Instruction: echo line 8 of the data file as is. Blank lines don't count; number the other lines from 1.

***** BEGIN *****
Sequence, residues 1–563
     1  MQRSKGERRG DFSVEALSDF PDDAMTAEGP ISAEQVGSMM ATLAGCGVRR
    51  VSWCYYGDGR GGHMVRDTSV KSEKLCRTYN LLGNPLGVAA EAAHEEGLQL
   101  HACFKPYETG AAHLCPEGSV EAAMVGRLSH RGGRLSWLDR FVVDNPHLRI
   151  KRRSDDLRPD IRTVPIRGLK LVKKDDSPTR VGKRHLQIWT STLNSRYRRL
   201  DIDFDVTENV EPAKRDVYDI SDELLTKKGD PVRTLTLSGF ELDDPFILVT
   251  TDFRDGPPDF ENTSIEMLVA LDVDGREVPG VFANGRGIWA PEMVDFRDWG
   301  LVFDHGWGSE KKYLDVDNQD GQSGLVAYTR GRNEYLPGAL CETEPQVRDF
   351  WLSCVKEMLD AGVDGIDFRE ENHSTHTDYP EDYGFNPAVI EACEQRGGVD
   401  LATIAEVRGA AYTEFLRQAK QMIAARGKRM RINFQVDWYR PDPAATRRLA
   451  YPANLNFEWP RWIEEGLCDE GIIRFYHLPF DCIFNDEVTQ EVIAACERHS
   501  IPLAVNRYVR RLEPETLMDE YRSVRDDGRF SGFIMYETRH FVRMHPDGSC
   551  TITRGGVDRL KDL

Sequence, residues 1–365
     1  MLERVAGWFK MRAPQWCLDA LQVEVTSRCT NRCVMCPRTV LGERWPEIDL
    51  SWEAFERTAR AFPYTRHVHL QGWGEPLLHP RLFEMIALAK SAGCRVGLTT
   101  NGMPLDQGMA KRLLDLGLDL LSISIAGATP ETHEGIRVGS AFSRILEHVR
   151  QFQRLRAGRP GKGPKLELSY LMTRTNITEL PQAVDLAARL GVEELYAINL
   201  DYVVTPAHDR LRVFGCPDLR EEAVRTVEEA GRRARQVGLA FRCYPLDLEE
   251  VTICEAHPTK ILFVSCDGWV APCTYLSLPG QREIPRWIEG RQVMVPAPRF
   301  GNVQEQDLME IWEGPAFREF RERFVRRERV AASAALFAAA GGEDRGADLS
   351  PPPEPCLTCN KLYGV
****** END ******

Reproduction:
   301  LVFDHGWGSE KKYLDVDNQD GQSGLVAYTR GRNEYLPGAL CETEPQVRDF